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Archive for March, 2010

Today was the first day of beach season for us. So begins a summer of sand-filled crevices.

In honor of the water-loving that is beginning everywhere, I’m sharing this sign I’ve been saving (thank you, Carrie):

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Arranged marriages are not an American thing, but Eddie and I are considering it for our boys. We have a coterie of long-time friends who all have pretty little girls: Patrick and Petra have Mia, Billy and Miwa have Niina and Mana, and Eggy and Sophia have Ava. Gideon has already chosen Mana with no nudging from us.

Gideon and Mana, his future wife

Dominic informed us that he was going to marry Niina. But now I think he is exploring his options. He seems to be smitten by Baby Ava.

Dominic and Baby Ava

Interesting. Very interesting.

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Mandolin range

In the midst of Eddie’s hospital drama, my niece sent me this photo:

Lt. Mark Greenlief, the executive officer for Bravo Company, 1st Battalion, 6th Marine Regiment, takes a break from his duties in Marjah, Afghanistan, on Saturday, March 20, 2010, to play a mandolin sent to him by his in-laws in the United States. From http://blogs.mcclatchydc.com/kabul/2010/03/scenes-from-marjah-madness.html#ixzz0jCO4p262

It totally made my day, because I am the in-law who sent it! Well, I sent it, and my dad donated it.

My dad met Mark at Thanksgiving, and they bonded over a shared love of music. So when Eddie and I started asking around about a ukulele, maybe, to send Mark in Afghanistan, my dad offered the mandolin that had been in my family forever. He played it, my mom played it, I played it, etc. A great idea!

I was worried about sending an antique instrument into combat, but I must have packed it up well enough for it to make it in one piece. YAY!

So that’s why I was so thrilled to see that photo. It made everything better this week.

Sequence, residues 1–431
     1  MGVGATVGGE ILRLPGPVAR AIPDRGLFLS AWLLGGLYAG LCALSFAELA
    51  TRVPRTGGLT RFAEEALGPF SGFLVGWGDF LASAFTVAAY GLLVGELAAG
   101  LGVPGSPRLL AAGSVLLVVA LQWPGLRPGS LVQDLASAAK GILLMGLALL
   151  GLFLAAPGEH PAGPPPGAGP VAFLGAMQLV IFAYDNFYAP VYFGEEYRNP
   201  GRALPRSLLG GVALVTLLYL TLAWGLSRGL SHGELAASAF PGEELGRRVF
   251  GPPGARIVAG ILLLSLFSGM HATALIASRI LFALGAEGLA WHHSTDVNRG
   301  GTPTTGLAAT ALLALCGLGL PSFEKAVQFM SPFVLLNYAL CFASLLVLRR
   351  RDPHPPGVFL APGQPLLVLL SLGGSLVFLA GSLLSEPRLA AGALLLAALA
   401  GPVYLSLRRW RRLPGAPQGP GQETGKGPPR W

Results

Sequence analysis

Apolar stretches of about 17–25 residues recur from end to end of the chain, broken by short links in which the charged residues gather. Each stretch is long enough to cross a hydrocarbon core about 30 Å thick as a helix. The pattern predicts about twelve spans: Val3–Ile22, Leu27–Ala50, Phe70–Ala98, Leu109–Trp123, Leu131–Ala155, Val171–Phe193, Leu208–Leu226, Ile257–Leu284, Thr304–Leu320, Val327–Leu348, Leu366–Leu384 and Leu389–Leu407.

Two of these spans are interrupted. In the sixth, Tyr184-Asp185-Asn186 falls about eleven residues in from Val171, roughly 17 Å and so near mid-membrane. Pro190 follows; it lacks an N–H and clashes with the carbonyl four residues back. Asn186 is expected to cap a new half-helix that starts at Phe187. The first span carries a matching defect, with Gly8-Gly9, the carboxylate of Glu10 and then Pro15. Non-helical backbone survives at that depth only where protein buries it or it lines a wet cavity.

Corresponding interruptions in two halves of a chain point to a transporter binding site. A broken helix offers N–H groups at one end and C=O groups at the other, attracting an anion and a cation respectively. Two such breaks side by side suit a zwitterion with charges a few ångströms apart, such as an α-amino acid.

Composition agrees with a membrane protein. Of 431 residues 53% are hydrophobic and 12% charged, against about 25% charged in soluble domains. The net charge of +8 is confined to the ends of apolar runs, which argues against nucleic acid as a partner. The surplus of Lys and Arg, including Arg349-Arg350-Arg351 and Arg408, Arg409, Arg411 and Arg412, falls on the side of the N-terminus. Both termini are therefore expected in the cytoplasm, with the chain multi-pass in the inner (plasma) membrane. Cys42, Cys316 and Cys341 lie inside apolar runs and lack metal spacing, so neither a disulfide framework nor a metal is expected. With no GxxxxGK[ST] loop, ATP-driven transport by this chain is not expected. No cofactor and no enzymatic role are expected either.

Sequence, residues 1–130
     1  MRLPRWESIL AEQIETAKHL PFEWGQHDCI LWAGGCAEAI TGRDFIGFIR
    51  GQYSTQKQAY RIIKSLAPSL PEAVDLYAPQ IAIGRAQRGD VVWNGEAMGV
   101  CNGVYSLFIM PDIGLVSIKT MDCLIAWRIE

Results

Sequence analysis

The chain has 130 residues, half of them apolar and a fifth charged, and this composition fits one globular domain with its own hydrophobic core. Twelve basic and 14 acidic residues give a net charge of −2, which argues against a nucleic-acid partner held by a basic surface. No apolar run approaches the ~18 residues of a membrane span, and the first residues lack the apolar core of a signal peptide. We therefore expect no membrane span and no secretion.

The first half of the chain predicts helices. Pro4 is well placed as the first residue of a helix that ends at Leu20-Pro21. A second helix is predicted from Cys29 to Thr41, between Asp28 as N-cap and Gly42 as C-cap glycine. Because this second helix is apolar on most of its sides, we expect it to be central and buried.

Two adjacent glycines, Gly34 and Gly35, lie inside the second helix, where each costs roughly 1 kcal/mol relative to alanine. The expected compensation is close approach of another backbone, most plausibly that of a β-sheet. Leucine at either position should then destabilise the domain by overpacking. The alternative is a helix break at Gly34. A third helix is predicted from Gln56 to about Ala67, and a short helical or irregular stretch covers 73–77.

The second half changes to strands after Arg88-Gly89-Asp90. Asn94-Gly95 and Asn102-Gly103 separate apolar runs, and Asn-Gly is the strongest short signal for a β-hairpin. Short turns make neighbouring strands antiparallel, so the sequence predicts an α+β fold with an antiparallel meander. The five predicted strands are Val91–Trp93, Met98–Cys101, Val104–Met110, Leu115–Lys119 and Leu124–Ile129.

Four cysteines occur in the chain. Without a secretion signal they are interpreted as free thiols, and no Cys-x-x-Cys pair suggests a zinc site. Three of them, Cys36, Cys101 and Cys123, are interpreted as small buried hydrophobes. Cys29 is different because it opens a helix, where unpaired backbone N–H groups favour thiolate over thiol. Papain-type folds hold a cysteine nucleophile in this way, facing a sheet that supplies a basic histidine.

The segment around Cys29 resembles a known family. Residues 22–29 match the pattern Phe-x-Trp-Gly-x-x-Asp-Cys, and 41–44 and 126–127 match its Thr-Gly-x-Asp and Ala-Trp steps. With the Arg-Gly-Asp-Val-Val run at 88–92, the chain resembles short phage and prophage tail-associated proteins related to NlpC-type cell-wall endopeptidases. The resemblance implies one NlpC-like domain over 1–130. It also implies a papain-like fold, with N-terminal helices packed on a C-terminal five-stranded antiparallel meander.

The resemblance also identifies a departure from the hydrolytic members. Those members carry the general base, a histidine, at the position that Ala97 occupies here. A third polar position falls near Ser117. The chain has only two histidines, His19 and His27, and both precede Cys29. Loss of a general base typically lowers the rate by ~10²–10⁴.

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Being a “frequent flier” in Memorial’s heart wing has its perks. I was able to be in the room with Eddie while they prepped him for his ablation, and even take pictures.

Here he is in what he refers to as “The Matrix Room” with his new buddies, Robb and Cynthia.

Robb and Cynthia shooed me out right before the procedure began, and I hung out in the special waiting area. In a couple of hours, his doctor appeared to let me know the ablation was over, and was a success. They found the rogue spot quickly and zapped it. Then he said he poked around in there to see if he could get something else going. He did, and took care of that spot too. This should be it. Operative word: “should.”

Eddie is now resting comfortably to the sounds of the Braves vs. the Mets. You can see he doesn’t want anyone to take away his remote:

He might even get to go home by the time the game is over.

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Memorial Health University Medical Center has Wi-Fi, which is quite nice. You would think all hospitals would have it, but you’d be wrong. Because of my mom, dad and Eddie, I’ve sampled many hospitals.

Anyway, thanks to Memorial’s Wi-Fi, I’m able to write and upload this post. Eddie is having his third, and last (I hope), cardiac ablation today.

What’s that? Well, it is a procedure where a cardiologist (as opposed to a dermatologist, or someone who stayed at a Holiday Inn) threads a catheter into the heart and burns the crap out of the part of the heart that is causing it to beat irregularly. Read this for a more technical overview.

Eddie has had this procedure twice already, so I don’t know how much non-scarred tissue there is left. After each ablation, the doctor has said, “That should do it.” And it hasn’t. Yes, we got a second opinion. The second doctor just wanted to keep shocking Eddie’s heart back into rhythm, all “ER” style.

Anyway, here we are, at Memorial again, and hoping for the best.

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Otherwise known as armor

I present Dominic’s latest essay. Please ignore the pronoun mangling. He’s learning.

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Dominic may look like Eddie, but he is totally my son on the inside. He asks a billion questions, likes to talk, gets obsessed with an idea and can’t let it rest, etc.

He is also a budding writer.

One of his favorite lessons at school is to tell a story to his teacher, who writes it down, then he illustrates the story.

It is a Montessori school, so his stories have a very polite angle. One could even say “anticlimactic.” See for yourself:

These are very different from the soap operas I wrote in high school (Kelly, you’ll remember those), but I love that he is a storyteller too.

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